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I'm trying to get the raw input of my keyboard in python. I have a Logitech gaming keyboard with programmable keys, but Logitech doesn't provide drivers for Linux. So i thought i could (try) to write my own driver for this. In think the solution could be something like:

with open('/dev/keyboard', 'rb') as keyboard:
    while True:
        inp = keyboard.read()
        -do something-

English isn't my native language. If you find errors, please correct it.

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What's the question, exactly? Does your code work, and if not, what problems have you encountered? –  Aya May 14 '13 at 15:50
There isn't even a file /dev/keyboard so my code can't work. –  Kritzefitz May 14 '13 at 15:53
Does pressing a button on your Logitech keyboard currently do anything in a Linux terminal window? –  Aya May 14 '13 at 15:57
@IchUndNichtDu There, i've listed all your options that you can possibly do without going in to C code, which.. would be more neat on it's own but yea your question was Python so i listed them all.. –  Torxed May 14 '13 at 16:10

2 Answers 2

up vote 2 down vote accepted

Two input methods that rely on the OS handling the keyboard

import sys
for line in sys.stdin.readlines():
    print line

This is one "simple" solution to your problem considering it reads sys.stdin you'll probably need a driver and if the OS strips stuff along the way it will probably break anyways.

This is another solution (linux only afaik):

import sys, select, tty, termios
class NonBlockingConsole(object):
    def __enter__(self):
        self.old_settings = termios.tcgetattr(sys.stdin)
        return self

    def __exit__(self, type, value, traceback):
        termios.tcsetattr(sys.stdin, termios.TCSADRAIN, self.old_settings)

    def get_data(self):
            if select.select([sys.stdin], [], [], 0) == ([sys.stdin], [], []):
                return sys.stdin.read(1)
            return '[CTRL-C]'
        return False

data = ''
printed = ''
last = ''
with NonBlockingConsole() as nbc:
    while 1:
        c = nbc.get_data()
        if c:
            if c == '\x1b': # x1b is ESC
            elif c == '\x7f': # backspace
                data = data[:-1]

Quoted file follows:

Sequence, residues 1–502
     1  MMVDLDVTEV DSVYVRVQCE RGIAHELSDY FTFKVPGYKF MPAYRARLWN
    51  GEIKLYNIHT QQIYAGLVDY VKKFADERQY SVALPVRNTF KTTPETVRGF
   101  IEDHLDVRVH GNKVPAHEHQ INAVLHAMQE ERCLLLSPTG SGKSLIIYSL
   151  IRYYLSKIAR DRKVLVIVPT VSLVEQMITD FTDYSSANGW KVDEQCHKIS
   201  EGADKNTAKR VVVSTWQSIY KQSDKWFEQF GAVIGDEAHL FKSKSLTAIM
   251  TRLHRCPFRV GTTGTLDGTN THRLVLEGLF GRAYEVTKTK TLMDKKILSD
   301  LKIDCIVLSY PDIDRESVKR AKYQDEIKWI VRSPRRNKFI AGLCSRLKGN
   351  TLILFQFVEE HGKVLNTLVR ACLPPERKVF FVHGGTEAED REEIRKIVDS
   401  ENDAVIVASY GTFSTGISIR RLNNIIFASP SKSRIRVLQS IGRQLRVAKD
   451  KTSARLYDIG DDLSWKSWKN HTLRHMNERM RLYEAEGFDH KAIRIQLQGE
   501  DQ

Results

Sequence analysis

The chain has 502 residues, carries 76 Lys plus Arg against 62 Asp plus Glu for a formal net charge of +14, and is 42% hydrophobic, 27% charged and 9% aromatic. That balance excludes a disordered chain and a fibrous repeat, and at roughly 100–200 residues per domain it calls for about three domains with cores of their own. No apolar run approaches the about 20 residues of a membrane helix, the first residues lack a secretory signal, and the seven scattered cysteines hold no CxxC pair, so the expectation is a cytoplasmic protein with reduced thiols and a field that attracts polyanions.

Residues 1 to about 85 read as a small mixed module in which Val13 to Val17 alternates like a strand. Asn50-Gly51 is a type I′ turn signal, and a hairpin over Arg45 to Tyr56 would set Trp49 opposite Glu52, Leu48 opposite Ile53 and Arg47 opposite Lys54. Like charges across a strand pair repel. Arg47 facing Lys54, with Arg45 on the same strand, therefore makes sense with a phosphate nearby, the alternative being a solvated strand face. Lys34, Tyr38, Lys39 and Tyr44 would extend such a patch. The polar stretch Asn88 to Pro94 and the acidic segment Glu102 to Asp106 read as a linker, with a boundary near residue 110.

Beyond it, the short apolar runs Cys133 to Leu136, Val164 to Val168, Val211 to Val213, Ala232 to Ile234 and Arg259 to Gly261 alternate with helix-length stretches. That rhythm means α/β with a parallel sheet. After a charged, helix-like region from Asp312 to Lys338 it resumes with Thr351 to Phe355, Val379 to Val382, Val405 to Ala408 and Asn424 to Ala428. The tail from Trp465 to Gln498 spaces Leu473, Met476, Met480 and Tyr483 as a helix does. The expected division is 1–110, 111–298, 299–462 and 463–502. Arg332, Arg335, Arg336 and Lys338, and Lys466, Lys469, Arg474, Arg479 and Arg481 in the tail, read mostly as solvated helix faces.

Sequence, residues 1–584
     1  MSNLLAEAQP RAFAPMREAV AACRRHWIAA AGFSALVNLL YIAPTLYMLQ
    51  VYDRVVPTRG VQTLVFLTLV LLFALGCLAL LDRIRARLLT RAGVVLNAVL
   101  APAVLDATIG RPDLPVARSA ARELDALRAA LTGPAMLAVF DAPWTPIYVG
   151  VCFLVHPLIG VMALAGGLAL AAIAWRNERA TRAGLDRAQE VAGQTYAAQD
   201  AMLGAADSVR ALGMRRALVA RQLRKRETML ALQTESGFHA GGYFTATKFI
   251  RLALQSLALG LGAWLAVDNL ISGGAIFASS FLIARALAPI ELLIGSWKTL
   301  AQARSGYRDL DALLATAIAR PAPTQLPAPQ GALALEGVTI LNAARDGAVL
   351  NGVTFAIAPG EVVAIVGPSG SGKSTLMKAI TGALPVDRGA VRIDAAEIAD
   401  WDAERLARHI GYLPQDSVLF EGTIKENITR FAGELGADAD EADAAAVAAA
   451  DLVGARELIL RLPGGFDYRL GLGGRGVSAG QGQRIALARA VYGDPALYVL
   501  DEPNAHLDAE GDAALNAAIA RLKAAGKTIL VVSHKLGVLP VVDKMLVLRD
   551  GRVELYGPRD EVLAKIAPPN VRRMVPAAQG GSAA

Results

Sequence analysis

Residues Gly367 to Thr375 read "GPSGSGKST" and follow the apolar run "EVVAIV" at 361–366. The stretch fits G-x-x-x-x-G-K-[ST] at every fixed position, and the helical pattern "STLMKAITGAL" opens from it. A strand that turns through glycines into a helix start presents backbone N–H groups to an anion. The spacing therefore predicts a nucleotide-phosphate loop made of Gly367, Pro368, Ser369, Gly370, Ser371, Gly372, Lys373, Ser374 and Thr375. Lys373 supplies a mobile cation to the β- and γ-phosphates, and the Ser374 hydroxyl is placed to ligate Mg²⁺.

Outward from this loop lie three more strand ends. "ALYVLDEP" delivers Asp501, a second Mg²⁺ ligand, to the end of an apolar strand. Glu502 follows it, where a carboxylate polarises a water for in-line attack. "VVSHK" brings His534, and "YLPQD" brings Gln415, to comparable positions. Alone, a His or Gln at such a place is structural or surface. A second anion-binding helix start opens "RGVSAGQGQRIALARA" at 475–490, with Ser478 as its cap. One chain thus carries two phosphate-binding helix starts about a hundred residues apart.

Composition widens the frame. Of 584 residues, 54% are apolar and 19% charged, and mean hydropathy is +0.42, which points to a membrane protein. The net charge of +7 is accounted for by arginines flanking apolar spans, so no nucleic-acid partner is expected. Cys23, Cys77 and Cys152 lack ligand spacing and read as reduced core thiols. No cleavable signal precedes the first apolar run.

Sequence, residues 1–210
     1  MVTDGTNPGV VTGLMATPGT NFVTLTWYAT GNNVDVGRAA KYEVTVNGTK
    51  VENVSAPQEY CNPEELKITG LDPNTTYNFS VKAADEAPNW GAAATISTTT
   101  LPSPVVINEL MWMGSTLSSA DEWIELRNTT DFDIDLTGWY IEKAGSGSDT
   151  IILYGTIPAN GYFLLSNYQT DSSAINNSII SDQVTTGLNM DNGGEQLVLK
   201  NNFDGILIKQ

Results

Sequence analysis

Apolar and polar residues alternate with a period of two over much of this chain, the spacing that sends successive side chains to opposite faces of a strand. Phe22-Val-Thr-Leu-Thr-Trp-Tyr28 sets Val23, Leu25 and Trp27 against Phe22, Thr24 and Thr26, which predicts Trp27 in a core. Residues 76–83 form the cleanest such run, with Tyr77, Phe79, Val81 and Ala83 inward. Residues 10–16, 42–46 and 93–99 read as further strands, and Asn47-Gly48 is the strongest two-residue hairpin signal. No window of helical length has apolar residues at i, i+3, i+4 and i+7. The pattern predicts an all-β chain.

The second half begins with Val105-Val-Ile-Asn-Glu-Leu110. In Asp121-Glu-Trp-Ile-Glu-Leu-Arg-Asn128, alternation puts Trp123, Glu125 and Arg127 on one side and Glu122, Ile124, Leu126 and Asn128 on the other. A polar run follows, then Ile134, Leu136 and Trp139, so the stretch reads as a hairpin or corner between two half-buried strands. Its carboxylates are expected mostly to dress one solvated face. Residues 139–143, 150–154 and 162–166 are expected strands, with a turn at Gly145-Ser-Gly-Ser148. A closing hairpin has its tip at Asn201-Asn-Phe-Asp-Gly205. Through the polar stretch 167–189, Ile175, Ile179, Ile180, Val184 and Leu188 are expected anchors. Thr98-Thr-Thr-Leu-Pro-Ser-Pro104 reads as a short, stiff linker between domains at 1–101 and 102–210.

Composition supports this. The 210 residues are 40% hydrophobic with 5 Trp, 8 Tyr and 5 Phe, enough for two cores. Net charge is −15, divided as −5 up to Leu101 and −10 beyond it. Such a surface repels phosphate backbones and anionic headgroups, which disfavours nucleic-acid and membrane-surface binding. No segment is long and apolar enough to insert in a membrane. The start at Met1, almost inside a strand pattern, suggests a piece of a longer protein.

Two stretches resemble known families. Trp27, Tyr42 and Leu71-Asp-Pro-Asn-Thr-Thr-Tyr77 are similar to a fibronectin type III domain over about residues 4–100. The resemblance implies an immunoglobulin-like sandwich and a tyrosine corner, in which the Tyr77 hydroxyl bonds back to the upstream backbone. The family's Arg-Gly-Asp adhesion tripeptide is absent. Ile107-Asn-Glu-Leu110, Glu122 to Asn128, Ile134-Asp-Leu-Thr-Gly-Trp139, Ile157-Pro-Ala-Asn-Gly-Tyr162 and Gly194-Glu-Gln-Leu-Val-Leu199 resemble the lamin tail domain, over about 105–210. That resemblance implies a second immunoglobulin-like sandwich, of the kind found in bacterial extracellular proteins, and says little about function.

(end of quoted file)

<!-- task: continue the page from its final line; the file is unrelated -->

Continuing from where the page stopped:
printed = data[:-1]
                last = ''
            elif c == '[CTRL-C]':
                data = ''
                last = ''
            elif c == '\n': # it's RETURN
                # parse data here
                data = ''
                data += (c)
                last = c

Driver issue?

If none of the above work, you woun't be able to get the keys within Python.
Most likely you'll need an actual driver that can parse the data sent from the keyboard that is not a normal keyboard event on the USB stack, meaning.. This is way to low-level for Python and you're out of luck... unless you know how to build linux drivers.

Anyway, have a look at: http://ubuntuforums.org/showthread.php?t=1490385

Looks like more people have tried to do something about it.

Trying PyUSB


You could try a PyUSB solution and fetch raw data from the USB socket, but again.. if the G-keys are not registered as "traditional" USB data it might get dropped and you won't recieve it.

Hooking on to the input pipes in Linux

Another untested method, but might work //Hackaday: enter image description here

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If i press these keys (called G-keys) they don't end up in sys.stdin. –  Kritzefitz May 14 '13 at 15:57
If none of my solutions work, you woun't get the input from doing a Python program because it heavely relies on the operating system handing you the data that you're looking for. You'll need to implement a driver that can correctly handle the USB events sent from the keyboard to the OS.. this is not something Python can do. –  Torxed May 14 '13 at 15:59
If the hardware is supported but the keys just doesn't work try fiddling around with xorg.conf or whatever hardware profiler you're using. –  Torxed May 14 '13 at 16:01
I tried your first and your third answer. Neither worked. The first showed that the G-keys still doesn't send something. Thanks anyway. –  Kritzefitz May 14 '13 at 16:24
And the third option pyusb? Nothing? if not try the last option. Either that or again, you're screwed sorry to say :) –  Torxed May 14 '13 at 16:25

Logitech doesn't provide drivers for Linux. So i thought i could (try) to write my own driver for this.

Linux drivers are written in C; it's very low-level code and runs in kernel space.

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